33.25. Alternatives open to presumptive reversioner.- A presumptive reversioner who seeks to challenge an adoption made by a Hindu female has two courses open to him. In the first place, he can straightaway file a suit for declaration (governed by this article) without claiming any consequential relief, because, as on the date of the suit, his right is merely a spes successionis liable to be defeated by subsequent events taking place till the succession opens upon the death of the Hindu woman. Or in the alternative, he, may wait till the succession opens upon the death of the Hindu female and file a suit within twelve years from the opening of the succession.

Such was the view of the Privy Council1, which relied on illustration (f) to section 42 of the Specific Relief Act, 1877 as being indicative of the fact that the legislature intended a period of six years prescribed under Article 118 of the Limitation Act, 1908 as a reasonable period beyond which a plaintiff seeking a declaratory relief would be deemed to be guilty of laches.

1. Kahjandappa v. Chanbasappa, AIR 1924 PC 137.

33.26. Privy Council case considered by Andhra Pradesh High Court.- This case came up for consideration before a Full Bench of the Andhra Pradesh High Court1 and Subba Rao Chief Justice, (as he was then) had to write a separate concurring judgment to make the point that a presumptive reversioner, in his representative capacity, can file a suit for a declaration that an alienation, either by the widow or by the alleged Adopted son or even by a third party, is invalid and is not binding on the reversioner.

Viswanatha Sastri, J. stressed the fact that a failure to bring a declaratory suit under Article 118 of the Limitation Act, 1908 would not bar the plaintiff from filing a regular title suit under Article 141 of that Act (now Article 65). The dissenting judge Umamaheswaram, J. was however, emphatic that a declaratory suit of the nature does not lie under section 42 of the Specific Relief Act, nor does any alienation effected by a trespasser during the widow's life-term afford a cause of action to the reversioner.

1. N. Janikamma v. Mattareddi, AIR 1956 AP 141.

33.27. Bombay view.- The Bombay High Court drew a distinction between (i) suit for declaration simpliciter, and (ii) a suit to recover possession after the death of the Hindu widow and held that the question whether Article 118 (now Article 57) or Article 141 of the Limitation Act, 1908 (now Article 65) applied, depended upon whether the plaintiff was seeking, in substance, to escape the period of limitation by ignoring the adoption and basing his right on some other act consequential on the adoption.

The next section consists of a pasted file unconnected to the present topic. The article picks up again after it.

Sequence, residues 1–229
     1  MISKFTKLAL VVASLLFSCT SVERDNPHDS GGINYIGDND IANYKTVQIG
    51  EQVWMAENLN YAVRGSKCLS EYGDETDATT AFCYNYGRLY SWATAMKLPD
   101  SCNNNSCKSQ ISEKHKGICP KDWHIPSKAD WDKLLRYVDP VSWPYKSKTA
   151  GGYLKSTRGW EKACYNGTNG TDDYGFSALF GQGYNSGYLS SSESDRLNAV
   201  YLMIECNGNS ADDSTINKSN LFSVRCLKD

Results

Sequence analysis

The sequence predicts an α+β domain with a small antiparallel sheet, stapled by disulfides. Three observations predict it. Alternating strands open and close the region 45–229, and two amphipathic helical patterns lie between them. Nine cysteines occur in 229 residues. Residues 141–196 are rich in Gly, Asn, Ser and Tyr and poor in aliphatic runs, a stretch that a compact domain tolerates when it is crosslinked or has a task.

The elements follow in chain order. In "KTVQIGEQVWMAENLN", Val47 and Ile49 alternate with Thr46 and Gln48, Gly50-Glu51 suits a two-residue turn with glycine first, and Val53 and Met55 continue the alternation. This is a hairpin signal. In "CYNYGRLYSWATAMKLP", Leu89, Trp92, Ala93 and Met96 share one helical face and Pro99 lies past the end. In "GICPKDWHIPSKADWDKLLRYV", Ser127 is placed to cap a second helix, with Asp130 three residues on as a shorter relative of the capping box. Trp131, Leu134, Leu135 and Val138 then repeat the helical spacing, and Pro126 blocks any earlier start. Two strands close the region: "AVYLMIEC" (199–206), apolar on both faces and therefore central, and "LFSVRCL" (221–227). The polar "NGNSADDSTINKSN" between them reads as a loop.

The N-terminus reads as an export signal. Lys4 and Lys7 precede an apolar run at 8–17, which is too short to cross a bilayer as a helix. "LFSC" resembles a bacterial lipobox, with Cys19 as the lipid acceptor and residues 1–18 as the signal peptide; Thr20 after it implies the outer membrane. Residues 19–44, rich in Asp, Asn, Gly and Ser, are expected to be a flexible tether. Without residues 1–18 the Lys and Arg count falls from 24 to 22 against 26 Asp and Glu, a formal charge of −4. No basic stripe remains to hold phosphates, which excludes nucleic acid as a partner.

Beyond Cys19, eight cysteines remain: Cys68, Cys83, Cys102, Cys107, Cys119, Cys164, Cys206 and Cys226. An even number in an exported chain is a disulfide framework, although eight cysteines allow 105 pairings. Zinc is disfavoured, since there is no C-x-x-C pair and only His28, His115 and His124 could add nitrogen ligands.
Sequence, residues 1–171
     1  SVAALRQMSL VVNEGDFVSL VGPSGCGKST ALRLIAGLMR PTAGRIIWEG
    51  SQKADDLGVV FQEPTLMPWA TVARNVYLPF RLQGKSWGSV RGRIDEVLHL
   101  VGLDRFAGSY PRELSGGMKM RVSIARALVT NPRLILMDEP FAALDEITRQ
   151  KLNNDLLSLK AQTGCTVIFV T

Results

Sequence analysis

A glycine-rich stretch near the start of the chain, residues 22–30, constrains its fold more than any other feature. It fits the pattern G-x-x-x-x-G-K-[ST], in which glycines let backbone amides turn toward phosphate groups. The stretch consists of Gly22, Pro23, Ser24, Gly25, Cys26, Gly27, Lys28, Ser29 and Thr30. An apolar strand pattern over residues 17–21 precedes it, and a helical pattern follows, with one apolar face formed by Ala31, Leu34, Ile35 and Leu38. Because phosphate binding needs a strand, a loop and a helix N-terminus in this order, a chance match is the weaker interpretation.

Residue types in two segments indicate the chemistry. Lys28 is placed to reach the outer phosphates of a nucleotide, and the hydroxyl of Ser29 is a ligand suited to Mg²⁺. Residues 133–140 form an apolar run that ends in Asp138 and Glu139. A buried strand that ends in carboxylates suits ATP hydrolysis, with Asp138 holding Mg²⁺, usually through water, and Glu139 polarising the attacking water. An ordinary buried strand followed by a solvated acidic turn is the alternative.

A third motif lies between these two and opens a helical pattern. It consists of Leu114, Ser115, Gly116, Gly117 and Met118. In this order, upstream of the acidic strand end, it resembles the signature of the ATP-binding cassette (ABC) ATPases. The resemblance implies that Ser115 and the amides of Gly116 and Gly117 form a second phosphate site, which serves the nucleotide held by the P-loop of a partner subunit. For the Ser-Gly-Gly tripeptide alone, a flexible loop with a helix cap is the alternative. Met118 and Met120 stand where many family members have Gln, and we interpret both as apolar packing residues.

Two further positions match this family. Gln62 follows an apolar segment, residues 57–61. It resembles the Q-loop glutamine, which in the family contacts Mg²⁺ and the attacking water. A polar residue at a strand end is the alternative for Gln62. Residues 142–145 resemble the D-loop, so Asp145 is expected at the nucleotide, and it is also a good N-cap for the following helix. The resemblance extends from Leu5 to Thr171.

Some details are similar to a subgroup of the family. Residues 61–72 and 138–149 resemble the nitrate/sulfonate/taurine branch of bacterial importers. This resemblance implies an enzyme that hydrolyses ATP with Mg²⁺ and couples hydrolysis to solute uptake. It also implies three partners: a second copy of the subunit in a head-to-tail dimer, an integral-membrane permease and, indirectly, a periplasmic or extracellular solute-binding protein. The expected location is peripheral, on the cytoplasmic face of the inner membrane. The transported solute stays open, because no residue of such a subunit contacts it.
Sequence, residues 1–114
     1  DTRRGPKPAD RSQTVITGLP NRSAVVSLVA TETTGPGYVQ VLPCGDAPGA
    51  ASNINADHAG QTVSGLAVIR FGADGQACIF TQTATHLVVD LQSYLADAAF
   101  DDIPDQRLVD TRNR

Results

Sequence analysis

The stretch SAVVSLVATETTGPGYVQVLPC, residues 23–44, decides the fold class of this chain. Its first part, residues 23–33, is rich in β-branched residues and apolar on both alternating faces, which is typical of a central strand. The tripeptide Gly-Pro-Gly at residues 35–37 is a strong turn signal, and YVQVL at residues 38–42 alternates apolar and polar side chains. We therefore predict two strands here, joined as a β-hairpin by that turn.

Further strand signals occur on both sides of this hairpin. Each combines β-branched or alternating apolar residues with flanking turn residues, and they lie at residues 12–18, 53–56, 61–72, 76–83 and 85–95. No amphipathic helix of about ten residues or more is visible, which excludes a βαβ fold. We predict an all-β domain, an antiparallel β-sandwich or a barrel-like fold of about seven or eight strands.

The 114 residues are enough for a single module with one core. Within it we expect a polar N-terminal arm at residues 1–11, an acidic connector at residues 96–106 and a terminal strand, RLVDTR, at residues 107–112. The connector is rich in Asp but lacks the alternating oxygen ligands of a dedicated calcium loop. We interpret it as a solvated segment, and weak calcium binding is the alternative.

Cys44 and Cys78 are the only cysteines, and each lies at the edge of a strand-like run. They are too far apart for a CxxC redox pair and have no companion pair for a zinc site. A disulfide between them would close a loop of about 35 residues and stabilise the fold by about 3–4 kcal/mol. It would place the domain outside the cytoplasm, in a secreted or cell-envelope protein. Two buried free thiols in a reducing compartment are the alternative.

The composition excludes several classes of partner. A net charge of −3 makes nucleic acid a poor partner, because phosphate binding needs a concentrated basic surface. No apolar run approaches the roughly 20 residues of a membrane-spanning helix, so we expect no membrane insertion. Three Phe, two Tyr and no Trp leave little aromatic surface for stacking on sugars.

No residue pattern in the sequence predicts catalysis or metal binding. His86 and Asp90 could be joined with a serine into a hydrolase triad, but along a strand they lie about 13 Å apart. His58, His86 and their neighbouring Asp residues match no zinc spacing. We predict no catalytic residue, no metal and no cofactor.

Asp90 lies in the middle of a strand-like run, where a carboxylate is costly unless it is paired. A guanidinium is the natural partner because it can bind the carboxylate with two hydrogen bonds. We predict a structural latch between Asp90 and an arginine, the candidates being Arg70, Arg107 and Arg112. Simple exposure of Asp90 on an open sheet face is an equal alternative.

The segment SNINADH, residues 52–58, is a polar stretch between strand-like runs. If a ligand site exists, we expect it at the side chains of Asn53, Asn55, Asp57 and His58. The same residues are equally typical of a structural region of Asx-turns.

33.28. Recommendation.- In view of the dissenting opinion expressed in the Andhra Pradesh case,1 and the dichotomy introduced in the judgment of the Bombay High Court2, we are of the view that the matter deserves to be cleared once and for all, because such suits generally involve claims to large properties. The necessity of clarification acquires an added edge when one appreciates that the illustration (f) to the old section 42 of Specific Relief Act, 1877 has now been omitted in the new section 34 of the Specific Relief Act, 1963.

1. Vithoba Bhanji v. Vithal Sakroo, AIR 1958 Born 270.

2. N. Janikumma v. Mattareddi, AIR 1956 AP 141, supra.

33.29. Recommendation.- Consequently, we recommend that Article 57 should be revised as follow.-

"57. To obtain a declaration that an alleged adoption is is invalid, or never, in fact, took place, where no relief is sought.

Three years.

When the alleged adoption becomes known to the plaintiff."

33.30. Article 58.- This takes us to Article 58 which reads as unde.-

"To obtain any other declaration.

Three years.

When the right to sue first accrues."

The corresponding Articles 93, 119 and 129 of the Act of 1908 were as follow.-

"93. To declare the forgery of an instrument attempted to be enforced against

Three years.

The date of the attempt.
119. To obtain a declaration that an adoption is valid.

Six years.

When the rights of the adopted son, as such and interfered with.
129. By a Hindu for a declaration of his right to maintenance.

Twelve years.

When the rights is denied."

Articles 93, 128 and 129 of the Act of 1871 where as under:-

"93. To declare the forgery of an instrument issued, or registered, or attempted to be enforced.

Three years.

The date of the issue, registration or attempt.
128. By a Hindu for maintenance.

Twelve years.

When the maintenance sued for is claimed and refused.
129. To establish or set aside an adoption.

Twelve years.

The date of the adoption, or (at the option of the plaintiff) the date of the death of the adoptive father."

The Limitation Act, 1963 Back